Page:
Yesterday we covered the hell out of the announcement that BitTorrent's Bram Cohen and the MPAA's Dan Glickman had brokered a deal to keep pirated content off of Cohen's popular P2P network. Here's a roundup of what people having been saying about the deal elsewhere on the web:
- Brad Hill: "This is how I interpret what the MPAA really said today: “We could crush BitTorrent.com because it is functionally identical to other torrent search engines that we have crushed. We want to be friends with Bram Cohen because he utters politically correct statements. Therefore we are neutering his search engine instead of crushing it.”"
- Xeni Jardin: "The announcement seems primarily aimed at expressing good faith and neutrality with Hollywood, to lay ground for future paid content distribution agreements with both the motion picture and recording industries. Neither Cohen nor Glickman would estimate how soon such a deal might be in place -- but when pressed, Cohen said "soon."" [part of a whole package at BoingBoing]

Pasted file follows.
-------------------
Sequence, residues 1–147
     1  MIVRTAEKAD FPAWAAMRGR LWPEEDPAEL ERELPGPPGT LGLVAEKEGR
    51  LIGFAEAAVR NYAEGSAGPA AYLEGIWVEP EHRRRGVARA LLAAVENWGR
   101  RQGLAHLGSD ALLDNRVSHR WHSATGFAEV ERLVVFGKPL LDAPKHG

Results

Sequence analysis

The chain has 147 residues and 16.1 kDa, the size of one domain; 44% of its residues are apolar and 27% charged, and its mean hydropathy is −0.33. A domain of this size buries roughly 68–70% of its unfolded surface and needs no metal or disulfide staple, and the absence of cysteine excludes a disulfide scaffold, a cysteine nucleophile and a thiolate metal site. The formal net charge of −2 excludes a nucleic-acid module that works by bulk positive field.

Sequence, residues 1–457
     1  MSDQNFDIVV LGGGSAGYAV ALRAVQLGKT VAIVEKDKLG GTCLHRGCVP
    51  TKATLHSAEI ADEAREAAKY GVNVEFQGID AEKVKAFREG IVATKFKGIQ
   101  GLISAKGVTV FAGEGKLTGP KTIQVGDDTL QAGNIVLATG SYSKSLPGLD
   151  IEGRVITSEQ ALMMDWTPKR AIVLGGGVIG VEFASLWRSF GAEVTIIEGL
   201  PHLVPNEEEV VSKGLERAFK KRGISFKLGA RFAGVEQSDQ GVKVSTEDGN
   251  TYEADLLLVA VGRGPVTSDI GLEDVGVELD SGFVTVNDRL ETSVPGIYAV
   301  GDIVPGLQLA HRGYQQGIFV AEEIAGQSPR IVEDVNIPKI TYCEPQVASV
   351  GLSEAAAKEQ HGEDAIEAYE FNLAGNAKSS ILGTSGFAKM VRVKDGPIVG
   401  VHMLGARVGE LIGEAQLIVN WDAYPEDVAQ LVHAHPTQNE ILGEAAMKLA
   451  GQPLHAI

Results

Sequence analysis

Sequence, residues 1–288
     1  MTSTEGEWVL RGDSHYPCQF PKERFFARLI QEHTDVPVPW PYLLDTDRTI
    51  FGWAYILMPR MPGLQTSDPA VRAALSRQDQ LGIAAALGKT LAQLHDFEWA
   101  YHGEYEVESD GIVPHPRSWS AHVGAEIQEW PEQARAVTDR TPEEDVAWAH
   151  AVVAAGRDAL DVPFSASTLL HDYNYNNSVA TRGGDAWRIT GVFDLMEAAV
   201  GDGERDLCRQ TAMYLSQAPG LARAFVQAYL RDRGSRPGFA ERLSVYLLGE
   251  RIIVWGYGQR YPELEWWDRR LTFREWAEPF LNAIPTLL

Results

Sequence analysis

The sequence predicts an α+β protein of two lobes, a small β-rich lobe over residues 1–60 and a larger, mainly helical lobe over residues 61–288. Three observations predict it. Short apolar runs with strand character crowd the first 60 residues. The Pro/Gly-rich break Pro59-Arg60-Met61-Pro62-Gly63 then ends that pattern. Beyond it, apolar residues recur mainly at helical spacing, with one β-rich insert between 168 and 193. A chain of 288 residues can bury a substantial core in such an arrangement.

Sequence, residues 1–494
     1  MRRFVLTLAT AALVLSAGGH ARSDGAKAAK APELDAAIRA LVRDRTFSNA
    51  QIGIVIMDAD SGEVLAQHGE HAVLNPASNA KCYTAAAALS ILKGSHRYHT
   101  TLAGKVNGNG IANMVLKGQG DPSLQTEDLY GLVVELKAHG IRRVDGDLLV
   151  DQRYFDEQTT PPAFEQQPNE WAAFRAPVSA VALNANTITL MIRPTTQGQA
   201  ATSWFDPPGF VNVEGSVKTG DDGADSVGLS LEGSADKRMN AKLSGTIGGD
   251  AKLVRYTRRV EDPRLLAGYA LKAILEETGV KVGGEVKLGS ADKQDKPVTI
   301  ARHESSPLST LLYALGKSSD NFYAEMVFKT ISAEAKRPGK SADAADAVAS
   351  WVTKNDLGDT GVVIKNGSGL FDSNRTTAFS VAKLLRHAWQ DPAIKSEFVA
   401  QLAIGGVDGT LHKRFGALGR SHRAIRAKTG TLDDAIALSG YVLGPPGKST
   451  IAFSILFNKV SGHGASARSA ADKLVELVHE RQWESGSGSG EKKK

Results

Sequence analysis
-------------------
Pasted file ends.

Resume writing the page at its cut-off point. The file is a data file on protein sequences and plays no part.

- J.D. Lasica: In response to NY Times headline "Web Site Agrees to Help Curb Access to Movies - "Well, that's nice of the "Web site" BitTorrent. Has this reporter ever been on the Internet? You have to wonder."
- The Bad Comedown: "The most pointless development in the MPAA's ongoing war against piracy."
- Sacred Cow Tipping: "This will kill BitTorrent, this will drive some young programmer to program some BT-killer (btk, hey that would be a good name....) and then all of the media groups would then go after them, until they make that new protocol into a limp image of their former self...like napster."
- For What it's Worth: "This all boils down to search engine results. The BitTorrent company will censor its own results. If this moves Bram one step closer to a deal that lets him use his protocal to dish up media under a business model, whooppee, good for him."
- The Movie Blog: "Generally think the MPAA is run by a bunch of idiots... but give credit where credit is due. Any idea that has the MPAA try to fight piracy by WORKING WITH people (like in this instance) instead of blindly prosecuting their market base fans is a good idea. Will this solve the problem? No way... but it's one step... and a good one I think."